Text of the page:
There’s a massive buzz around Kodak Ektachrome at the moment, since the re-introduction of E100 in 135 format earlier this year the internet seems to be awash with slide film. I have always avoided shooting with positive film as I generally print using an analogue process but these photos were drawing me in and I couldn’t resist looking at ways of (hopefully) producing optical prints from slide film.
Generally I only scan film for use on social media, on this website and recently for creating a zine, all my prints are made directly from negative film and I want to continue making them this way. Since the demise of Cibachrome it has become impossible to produce a print optically from positive film. I have experimented with cross processing (developing reversal film in C41 chemistry) before, but have never printed from it, the colours just seemed too funky. The other hybrid option is to scan the negatives and produce a digital negative but this sounds less than ideal to me!
One other option I uncovered was creating an inter-negative, that is develop the slide film in E6 chemistry and produce a negative by either contacting printing or enlarging onto negative film. This was the route that appealed most to me, keeping everything analogue and skirting around the digital realm.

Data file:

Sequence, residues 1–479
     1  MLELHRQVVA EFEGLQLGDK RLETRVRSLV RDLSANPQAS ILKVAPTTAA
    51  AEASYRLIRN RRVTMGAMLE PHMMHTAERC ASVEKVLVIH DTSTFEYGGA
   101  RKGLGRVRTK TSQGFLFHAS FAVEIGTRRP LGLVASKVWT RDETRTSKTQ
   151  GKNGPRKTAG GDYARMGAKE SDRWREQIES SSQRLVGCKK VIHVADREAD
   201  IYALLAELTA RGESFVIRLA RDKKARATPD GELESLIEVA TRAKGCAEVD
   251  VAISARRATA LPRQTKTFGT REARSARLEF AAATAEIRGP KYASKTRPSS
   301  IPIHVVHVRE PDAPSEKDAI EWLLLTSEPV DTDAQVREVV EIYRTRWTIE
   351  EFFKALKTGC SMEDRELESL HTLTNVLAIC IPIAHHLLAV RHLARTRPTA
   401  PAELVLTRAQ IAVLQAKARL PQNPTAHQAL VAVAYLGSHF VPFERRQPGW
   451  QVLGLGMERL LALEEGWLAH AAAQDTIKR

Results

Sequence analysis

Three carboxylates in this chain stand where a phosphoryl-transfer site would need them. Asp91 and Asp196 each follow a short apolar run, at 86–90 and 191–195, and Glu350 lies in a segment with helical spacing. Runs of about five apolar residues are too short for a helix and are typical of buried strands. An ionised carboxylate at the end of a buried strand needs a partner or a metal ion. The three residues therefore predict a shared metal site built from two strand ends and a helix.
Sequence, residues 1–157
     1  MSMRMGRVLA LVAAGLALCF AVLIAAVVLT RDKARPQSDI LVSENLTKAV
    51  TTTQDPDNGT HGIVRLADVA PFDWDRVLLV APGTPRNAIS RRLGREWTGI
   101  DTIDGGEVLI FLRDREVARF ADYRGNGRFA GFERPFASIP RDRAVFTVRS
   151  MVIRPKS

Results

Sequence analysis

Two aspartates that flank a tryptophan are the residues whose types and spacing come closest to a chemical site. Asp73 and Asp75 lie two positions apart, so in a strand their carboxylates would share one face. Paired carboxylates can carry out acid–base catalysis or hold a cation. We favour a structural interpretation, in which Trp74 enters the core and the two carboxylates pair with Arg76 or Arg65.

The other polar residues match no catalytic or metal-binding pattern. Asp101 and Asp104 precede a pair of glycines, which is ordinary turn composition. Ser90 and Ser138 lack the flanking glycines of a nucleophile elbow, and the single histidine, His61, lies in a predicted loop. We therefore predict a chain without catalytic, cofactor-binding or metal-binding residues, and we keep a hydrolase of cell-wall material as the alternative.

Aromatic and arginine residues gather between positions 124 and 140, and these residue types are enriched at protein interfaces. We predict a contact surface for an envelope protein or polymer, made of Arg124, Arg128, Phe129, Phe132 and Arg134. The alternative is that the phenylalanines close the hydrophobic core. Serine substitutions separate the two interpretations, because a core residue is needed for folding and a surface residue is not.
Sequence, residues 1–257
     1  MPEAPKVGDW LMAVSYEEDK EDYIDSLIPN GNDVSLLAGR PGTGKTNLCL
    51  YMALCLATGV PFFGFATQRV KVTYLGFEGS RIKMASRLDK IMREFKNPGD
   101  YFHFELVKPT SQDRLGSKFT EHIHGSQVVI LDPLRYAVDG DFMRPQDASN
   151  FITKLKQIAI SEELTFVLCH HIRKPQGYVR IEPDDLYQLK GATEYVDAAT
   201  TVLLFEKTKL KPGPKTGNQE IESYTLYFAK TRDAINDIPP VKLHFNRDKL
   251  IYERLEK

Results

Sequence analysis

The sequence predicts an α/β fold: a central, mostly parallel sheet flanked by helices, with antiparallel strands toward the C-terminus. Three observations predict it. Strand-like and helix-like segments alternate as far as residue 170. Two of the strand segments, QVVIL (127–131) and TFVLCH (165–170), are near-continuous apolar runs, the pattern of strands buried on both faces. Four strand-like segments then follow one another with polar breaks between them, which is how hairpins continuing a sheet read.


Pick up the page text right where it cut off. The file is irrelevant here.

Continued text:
First step was to actually shoot some slide film! Fortunately I had a roll of Ektachrome E100G in medium format waiting in a cupboard, it had been sitting around a few years, collected from a haul of random films. Stored without care, I wasn’t expecting great results but it was would be a way of testing out the chemical process and get a feel for the process. And with Kodak due to release Ektachrome in medium format later this year would give a a taster of what’s to come, time to hit the road (South West Coast path) and crack out the Mamiya.